Digital payments are methods to transact between parties electronically which are fast and secure. Banking cards, USSD, AEPS, UPI, Mobile wallets, PoS, Bank Pre-paid cards, Internet Banking, Mobile Banking, Micro ATMs, etc. are few means of digital payments which are easily available and accessible. Hence these modes are being given preference over cash system. The Government also plans to tackle the menace of corruption, black money and terrorism through such steps. The key question remains : that will the rural India or interiors adapt to such a leap in technology?

It is no secret that the tech-savvy class in metro cities has more or less been running on digital payments mode for some time now, be it for paying a cab ride, food ordering or for recharge of their mobile numbers. These means started penetrating to other smaller cities like Jodhpur, Patna, Allahabad, etc. over last few years. However post demonetization, there was a rapid jump in the digital payments and many service provider companies multiplied their customer base. There was steep rise in the download of apps like Paytm, Phonepe, SBI Buddy etc. Both customers and sellers adopted digital payments. Even the street vendors started using digital means to accept payments.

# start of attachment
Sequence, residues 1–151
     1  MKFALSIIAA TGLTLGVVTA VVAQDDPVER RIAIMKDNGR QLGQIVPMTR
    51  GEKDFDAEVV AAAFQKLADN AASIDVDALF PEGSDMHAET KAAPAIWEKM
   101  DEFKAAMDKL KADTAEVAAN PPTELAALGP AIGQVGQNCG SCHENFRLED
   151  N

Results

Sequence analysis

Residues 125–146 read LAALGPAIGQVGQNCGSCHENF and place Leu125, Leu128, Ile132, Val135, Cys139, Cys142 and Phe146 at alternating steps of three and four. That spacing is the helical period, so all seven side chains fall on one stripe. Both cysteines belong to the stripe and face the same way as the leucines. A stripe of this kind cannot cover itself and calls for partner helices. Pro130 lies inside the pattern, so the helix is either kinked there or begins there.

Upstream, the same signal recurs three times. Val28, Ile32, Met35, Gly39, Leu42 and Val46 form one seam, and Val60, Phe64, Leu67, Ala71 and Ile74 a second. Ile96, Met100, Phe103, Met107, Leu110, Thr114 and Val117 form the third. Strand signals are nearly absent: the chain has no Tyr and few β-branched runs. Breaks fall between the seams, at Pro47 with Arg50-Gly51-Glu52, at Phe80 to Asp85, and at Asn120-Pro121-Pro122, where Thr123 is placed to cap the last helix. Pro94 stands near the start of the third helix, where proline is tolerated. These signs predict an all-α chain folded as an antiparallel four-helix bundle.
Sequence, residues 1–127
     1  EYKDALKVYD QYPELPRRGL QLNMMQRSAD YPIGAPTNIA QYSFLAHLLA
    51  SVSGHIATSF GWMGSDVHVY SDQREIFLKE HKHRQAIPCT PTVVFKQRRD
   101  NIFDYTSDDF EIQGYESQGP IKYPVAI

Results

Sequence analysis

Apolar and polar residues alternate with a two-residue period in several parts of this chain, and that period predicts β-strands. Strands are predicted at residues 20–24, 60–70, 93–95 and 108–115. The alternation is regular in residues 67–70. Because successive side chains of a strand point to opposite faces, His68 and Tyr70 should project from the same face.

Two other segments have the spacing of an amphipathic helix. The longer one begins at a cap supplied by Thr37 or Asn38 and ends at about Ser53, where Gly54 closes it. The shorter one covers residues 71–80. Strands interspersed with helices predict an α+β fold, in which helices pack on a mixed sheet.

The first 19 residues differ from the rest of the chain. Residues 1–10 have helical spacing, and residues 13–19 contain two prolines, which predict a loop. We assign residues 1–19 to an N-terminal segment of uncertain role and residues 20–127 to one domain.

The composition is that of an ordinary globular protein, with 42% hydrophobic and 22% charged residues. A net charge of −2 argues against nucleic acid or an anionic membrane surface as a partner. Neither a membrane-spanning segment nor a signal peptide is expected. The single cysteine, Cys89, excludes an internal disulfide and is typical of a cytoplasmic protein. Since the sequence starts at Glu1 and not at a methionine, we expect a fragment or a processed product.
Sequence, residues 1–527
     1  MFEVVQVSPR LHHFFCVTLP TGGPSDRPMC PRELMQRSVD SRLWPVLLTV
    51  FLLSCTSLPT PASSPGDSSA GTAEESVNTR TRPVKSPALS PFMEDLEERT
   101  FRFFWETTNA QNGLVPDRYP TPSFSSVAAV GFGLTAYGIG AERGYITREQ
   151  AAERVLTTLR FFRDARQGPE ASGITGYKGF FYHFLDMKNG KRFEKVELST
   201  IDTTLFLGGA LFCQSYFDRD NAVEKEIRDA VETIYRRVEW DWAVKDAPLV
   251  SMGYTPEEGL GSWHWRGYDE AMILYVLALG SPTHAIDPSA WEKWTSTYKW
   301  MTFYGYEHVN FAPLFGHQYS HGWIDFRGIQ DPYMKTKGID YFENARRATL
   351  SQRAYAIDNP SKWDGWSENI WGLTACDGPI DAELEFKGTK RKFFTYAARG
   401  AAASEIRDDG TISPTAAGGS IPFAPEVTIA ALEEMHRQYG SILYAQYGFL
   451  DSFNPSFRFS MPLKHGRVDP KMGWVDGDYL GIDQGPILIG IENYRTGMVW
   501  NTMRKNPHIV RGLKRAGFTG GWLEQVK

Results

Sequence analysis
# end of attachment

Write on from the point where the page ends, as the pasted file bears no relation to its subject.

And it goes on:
Presently there is a real rural-urban divide in digital payments adoption and usage. But looking at the brighter picture, almost 100 million rural Indians will have smartphones by end of this year who can use it for payments mode. Rural India will greatly benefit from JAM Trinity (Jan Dhan-Adhar-Mobile) strategy of the Government and now direct transfer benefits will become a reality. Schemes like MGNREGS are already using direct transfer to beneficiaries avoiding leakages, and if these people can use their smartphones then the dream of cashless and digital India is not very far.

The Government has been working on a war footing to promote a digital and cashless economy. These include –

  • Approval of the Pradhan Mantri Digital Saksharta Abhiyaan (PMGDISHA) to make 6 crore rural households digitally literate.
  • Organizing scores of Digi Dhan Melas to create awareness among people to use digital means for payments
  • Initiation from NITI Aayog for schemes such as Lucky Grahak Yojna and Digidhan vyapar yojana to use BHIM (Bharat Interface for Money) app for digital payments.